The Bank of England has delivered a blow on the eve of Brexit by slashing its growth forecasts for the next three years, but held off from cutting interest rates amid signs of a recent pick-up in the economy.
Members of the Monetary Policy Committee (MPC) voted seven to two to hold rates at 0.75%, despite recent speculation that a cut was on its way.
The Bank revealed in its quarterly forecasts that it is expecting the economy to have flatlined at the end of last year and made a significant downgrade to the growth outlook – to 0.8% in 2020, 1.4% in 2021 and 1.7% in 2022.
It had previously predicted growth of 1.2%, 1.8% and 2% respectively.
But it said recent survey data pointed towards a “near-term recovery” in growth after the decisive Conservative election win and easing Brexit uncertainty.
The Bank is estimating growth will edge up to 0.2% in the first three months of 2020.
It stressed that a rate cut could still be on the cards if growth does not recover as expected.
In minutes of the MPC meeting, the Bank said: “Since the December meeting, international developments had been positive and the most recent UK data supported the forecast of a near-term recovery in growth.”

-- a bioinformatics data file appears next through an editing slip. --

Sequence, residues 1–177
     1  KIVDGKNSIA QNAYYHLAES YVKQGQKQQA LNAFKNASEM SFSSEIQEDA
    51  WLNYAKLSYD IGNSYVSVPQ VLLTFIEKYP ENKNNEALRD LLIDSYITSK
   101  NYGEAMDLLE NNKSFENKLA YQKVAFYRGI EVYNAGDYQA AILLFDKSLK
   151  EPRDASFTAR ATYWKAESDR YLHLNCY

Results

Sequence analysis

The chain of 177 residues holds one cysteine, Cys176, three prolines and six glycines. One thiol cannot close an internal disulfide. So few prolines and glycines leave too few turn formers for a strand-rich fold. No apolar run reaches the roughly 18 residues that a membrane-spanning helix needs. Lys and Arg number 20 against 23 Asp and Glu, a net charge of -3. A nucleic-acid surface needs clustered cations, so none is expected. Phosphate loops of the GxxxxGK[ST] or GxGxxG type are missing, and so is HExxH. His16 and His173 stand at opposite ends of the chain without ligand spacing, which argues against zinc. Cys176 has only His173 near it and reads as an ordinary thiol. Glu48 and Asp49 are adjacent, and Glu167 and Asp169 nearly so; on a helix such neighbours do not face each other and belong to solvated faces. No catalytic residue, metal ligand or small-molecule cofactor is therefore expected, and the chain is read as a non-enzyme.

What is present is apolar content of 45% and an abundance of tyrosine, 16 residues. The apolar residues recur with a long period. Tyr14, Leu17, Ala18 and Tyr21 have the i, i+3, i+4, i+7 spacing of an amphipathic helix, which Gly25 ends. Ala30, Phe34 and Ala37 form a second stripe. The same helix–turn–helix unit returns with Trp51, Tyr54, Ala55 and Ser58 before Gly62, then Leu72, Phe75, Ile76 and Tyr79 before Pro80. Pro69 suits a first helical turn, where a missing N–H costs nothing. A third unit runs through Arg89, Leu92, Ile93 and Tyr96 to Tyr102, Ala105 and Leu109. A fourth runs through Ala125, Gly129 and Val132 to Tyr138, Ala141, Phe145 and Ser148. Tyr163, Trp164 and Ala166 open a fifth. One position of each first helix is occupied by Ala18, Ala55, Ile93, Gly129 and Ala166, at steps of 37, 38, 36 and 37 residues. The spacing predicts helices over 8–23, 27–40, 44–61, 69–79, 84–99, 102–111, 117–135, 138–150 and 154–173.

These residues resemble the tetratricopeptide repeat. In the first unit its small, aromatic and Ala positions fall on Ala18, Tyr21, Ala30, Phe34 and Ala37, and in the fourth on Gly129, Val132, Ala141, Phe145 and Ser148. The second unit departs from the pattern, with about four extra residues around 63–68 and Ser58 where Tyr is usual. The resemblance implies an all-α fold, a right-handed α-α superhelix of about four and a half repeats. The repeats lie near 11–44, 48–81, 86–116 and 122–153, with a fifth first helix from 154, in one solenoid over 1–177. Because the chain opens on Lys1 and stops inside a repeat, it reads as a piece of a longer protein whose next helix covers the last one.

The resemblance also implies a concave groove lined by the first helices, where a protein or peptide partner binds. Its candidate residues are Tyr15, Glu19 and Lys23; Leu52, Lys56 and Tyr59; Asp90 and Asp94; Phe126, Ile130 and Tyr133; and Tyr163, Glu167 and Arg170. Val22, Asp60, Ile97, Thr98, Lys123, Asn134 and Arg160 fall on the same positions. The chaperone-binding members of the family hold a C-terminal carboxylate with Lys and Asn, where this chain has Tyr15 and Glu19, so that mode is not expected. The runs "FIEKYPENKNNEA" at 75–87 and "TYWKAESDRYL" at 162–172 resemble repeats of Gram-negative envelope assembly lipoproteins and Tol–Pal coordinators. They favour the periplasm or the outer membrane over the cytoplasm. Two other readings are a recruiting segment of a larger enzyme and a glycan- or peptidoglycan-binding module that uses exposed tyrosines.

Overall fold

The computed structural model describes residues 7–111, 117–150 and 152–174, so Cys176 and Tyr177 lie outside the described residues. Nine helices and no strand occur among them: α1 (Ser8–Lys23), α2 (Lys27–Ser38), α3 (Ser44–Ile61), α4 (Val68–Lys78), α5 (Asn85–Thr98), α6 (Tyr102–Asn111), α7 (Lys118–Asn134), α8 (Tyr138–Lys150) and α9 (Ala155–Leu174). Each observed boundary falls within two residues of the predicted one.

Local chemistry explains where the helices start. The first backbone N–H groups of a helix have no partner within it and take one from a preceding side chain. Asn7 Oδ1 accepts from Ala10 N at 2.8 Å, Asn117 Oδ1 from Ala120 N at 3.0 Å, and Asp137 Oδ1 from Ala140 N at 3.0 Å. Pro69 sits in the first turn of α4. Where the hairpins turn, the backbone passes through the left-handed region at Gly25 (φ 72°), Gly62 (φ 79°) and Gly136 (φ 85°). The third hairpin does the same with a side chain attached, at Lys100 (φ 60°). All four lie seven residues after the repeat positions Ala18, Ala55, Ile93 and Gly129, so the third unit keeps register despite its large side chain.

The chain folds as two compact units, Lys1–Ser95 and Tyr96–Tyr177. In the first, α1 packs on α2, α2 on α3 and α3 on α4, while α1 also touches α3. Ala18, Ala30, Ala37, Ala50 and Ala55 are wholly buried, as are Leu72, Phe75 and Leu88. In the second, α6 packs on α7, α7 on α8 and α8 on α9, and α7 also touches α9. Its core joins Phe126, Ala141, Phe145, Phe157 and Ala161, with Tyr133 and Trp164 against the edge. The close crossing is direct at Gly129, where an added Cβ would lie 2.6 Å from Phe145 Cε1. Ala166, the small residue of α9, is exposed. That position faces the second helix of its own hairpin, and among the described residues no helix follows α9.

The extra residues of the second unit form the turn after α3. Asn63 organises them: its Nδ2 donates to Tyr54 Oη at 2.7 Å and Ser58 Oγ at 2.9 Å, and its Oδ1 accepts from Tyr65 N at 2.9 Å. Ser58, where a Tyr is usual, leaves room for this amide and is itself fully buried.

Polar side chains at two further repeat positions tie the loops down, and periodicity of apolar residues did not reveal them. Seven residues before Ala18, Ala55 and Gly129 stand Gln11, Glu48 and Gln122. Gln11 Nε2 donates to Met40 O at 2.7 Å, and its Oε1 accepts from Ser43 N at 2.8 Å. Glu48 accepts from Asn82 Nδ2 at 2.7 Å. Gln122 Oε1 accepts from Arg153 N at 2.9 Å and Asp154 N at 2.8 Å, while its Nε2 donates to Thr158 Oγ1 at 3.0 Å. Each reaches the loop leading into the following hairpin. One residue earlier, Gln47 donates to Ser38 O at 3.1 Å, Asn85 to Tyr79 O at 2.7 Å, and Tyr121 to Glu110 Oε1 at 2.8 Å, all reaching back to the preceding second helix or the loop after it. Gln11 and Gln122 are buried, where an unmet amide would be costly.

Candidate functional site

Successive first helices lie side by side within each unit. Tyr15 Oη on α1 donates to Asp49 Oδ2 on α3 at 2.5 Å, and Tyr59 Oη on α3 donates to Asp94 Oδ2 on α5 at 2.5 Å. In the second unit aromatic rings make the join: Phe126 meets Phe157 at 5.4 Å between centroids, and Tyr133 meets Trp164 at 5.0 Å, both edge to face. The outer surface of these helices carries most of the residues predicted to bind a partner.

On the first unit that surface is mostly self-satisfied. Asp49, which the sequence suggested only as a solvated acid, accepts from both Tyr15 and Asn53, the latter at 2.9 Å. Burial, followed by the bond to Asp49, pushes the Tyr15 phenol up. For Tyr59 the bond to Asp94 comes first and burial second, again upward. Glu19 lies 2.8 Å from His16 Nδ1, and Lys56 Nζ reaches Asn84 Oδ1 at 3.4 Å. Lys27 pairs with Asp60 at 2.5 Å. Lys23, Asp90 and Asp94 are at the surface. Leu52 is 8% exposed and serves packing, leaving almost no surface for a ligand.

It added: “Policy might need to reinforce the expected recovery in UK GDP (gross domestic product) growth should the more positive signals from recent indicators of global and domestic activity not be sustained or should indicators of domestic prices remain relatively weak.”
The growth forecasts will make for painful reading for the Government, coming a day ahead of Brexit on January 31.
It also marks the decision for outgoing Bank Governor Mark Carney, who is handing over the reins to Financial Conduct Authority boss Andrew Bailey on March 16.
The Bank’s forecasts are based on the assumption of a smooth Brexit, but cliff-edge fears have remained at the fore after Prime Minister Boris Johnson legislated against extending the transition period beyond the end of this year.
The MPC minutes show that Jonathan Haskel and Michael Saunders remained the sole dissenters on the committee, defying expectations for more policymakers to join them in calling for a cut.
Financial markets had at one stage priced in a more than 60% probability of a rate reduction after gloomy year-end economic data, though odds had been trimmed recently on strong UK jobs figures and more cheery sector survey results.
The Bank’s forecasts showed inflation – currently running at a three-year low of 1.3% – remaining below the 2% target throughout 2020.
It predicts inflation will pick up to 2% by the end of next year, but added there are risks that it could be slower to pick up.